How to horizontally autoscale pods in Kubernetes


In this article I demonstrate how to set up an autoscaler to scale up the pods when the CPU usage exceeds a certain threshold and back down again.

One of the many wonderful features of Kubernetes/OpenShift distribution as implemented at Safe Swiss Cloud is the HPA Horizontal Pod Autoscaler. As the name suggests, HPA will automatically spin up or spin down pods for you when a given CPU or memory load threshold is crossed.

Goal

To demonstrate by example how the HPA in OpenShift/Kubernetes can scale the number of application pods from 1 to 3 replicas as load increases and back down to 1 again as the load decreases.

Implementation

Here is an example of how to set up an autoscaler to scale up the pods when the CPU usage exceeds a certain threshold. I will demonstrate doing this using the graphical user interface of OpenShift 4.5. The same can be achieved using the CLI – this method is described in the official documentation https://docs.openshift.com/container-platform/4.5/nodes/pods/nodes-pods-autoscaling.html.

  1. Deploy a suitable Pod for our Test 

    First off we need to deploy some sort of pod that we can use to test our autoscaler. In this example I went for the OpenShift example https://github.com/sclorg/django-ex since this exposes a web server and external route, which is easy to load up with URL requests. 
    The single Django pod before autoscalingFigure 1: The single Django pod before autoscaling

  2. Add Metrics to the Deployment YAML

    Go to Administrator -> Deployments and edit the YAML of your deployment and search for the resources parameter. By default, this parameter is empty i.e. resources: {}. You need to remove the braces and add a value for the CPU as shown in Figure2. The 200m here is just an arbitrary starting value. If you don’t do this, the autoscaler will ignore our pods since it will not be able to fetch the CPU metrics from the running pods.  
    Adding the cpu: 200m reservation within the Build objectFigure 2: Adding the cpu: 200m reservation within the Build object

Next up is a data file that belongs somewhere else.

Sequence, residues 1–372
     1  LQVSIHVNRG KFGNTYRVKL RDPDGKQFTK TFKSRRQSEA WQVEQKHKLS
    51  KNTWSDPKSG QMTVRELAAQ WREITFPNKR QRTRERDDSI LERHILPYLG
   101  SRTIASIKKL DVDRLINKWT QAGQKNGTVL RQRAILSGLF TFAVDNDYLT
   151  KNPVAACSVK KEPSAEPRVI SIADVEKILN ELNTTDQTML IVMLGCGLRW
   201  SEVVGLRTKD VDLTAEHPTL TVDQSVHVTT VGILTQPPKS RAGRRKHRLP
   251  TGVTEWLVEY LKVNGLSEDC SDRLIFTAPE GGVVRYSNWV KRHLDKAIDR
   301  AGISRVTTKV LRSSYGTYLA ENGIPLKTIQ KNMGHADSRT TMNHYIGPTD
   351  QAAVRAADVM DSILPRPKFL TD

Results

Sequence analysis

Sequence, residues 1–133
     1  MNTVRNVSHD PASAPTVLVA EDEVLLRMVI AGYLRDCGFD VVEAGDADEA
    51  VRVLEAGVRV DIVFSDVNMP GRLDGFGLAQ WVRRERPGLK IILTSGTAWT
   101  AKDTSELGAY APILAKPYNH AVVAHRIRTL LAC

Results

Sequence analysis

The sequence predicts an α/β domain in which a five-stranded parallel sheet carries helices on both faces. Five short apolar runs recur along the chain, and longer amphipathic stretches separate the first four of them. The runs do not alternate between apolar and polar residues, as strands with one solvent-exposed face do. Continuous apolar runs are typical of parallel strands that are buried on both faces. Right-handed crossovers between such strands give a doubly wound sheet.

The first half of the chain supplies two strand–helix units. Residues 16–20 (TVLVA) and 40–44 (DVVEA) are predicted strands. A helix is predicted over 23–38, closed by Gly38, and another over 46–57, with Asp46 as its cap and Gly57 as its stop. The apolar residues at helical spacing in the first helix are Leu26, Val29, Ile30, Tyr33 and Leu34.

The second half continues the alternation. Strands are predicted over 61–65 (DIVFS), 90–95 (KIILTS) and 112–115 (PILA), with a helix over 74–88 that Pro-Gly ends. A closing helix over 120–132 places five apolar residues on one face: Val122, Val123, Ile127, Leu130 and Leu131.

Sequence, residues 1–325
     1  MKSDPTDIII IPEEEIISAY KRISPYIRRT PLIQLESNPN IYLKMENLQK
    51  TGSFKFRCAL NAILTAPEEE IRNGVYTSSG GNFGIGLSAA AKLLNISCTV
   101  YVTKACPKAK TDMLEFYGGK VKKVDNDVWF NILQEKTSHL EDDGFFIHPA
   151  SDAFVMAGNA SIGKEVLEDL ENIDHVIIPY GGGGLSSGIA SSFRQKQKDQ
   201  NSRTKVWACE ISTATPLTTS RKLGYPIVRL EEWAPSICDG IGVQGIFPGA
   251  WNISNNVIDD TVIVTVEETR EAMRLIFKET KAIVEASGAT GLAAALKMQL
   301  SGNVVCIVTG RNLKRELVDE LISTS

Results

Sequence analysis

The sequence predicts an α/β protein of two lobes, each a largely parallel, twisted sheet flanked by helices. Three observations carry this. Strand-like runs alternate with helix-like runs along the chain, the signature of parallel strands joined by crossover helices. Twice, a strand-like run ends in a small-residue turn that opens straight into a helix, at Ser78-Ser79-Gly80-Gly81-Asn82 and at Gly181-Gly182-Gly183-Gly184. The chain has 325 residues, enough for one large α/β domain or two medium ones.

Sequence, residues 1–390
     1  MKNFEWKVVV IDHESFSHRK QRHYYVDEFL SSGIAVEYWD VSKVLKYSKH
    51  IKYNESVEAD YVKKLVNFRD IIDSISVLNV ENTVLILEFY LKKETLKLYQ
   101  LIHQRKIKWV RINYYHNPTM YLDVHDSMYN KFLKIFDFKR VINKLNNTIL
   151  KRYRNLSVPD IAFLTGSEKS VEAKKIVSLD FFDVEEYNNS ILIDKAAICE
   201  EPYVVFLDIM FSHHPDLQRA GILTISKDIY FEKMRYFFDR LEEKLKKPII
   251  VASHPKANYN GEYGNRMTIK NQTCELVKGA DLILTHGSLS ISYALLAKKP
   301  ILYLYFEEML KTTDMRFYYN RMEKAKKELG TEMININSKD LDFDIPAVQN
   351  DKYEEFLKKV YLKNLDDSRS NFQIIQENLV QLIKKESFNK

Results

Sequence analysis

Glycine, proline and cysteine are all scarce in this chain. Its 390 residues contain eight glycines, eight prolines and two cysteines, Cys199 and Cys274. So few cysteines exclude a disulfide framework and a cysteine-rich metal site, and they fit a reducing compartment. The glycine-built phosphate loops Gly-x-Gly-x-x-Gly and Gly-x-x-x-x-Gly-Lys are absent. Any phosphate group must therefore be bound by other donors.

3. Create the Horizontal Pod Autoscaler

    Go to Administrator -> Workloads -> Horizontal Pod Autoscalers and select Create Horizontal Pod Autoscaler and edit the resulting YAML. In the spec block, replace name with that of your deployment i.e. django-ex-git. For the purposes of our test, you can reduce targetAverageUtilization from 50 to 2 so the autoscaler will scale the pods up to a maximum of 3 replicas as soon as the pod CPU load exceeds just 2% rather than 50%.
    Editing the HorizontalPodAutoscaler objectFigure 3: Editing the HorizontalPodAutoscaler object

    Once you have saved your HPA, you should end up with an active autoscaler object. 
    The just created HorizontalPodAutoscaler objectFigure 4: The just created HorizontalPodAutoscaler object

    Checking the Conditions of the autoscaler object you should see these two conditions in Figure 5 below, both with a status of True. If you forgot to define the resources in Figure 2., you will see a message under Reason saying that the metrics values could not be read instead of the ValidMetric Found message.
    Part of the HorizontalPodAutoscaler object displayFigure 5: Part of the HorizontalPodAutoscaler object display

  4. Load up the Pod to make it Autoscale

    Now it’s time to put some load on our Django pod so HPA has a chance to autoscale. To do this, you can run a simple request loop from your laptop or desktop PC.

    $ for((i=0;i<500;i++)) do curl --connect-timeout 3 'http://django-ex-git-<your project>.apps.<your domain>'; done;

    Now the magic will happen.  After a short wait, the pods will scale from 1 to 3 and then back again to 1 once the load has been removed i.e. some time after the 500 script requests have completed.
    The Django application has now been scaled to 3 pods by the autoscalerFigure 6: The Django application has now been scaled to 3 pods by the autoscaler

    Looking at the in-built monitoring metrics for the pods, you can see that the green area below represents the initial pod and the two shades of blue, the two new pods that were spun up and stopped again. In order to reduce “thrashing”, there is a default 5 minute cool-down period imposed by Kubernetes when down-scaling (see https://kubernetes.io/docs/tasks/run-application/horizontal-pod-autoscale/).

    In-built pod metrics showing the spin up / down of the extra two pods
    Figure 7: In-built pod metrics showing the spin up / down of the extra two pods

Summary

After you create a horizontal pod autoscaler, OpenShift begins to query the CPU and/or memory resource metrics on the pods. When these metrics are available, the horizontal pod autoscaler computes the ratio of the current metric utilization with the desired metric utilization, and scales up or down accordingly. The query and scaling occurs at a regular interval, but can take one to two minutes before metrics become available.

Kubernetes at Safe Swiss Cloud

Learn more about the Kubernetes/OpenShift distribution as implemented at Safe Swiss Cloud.


References:

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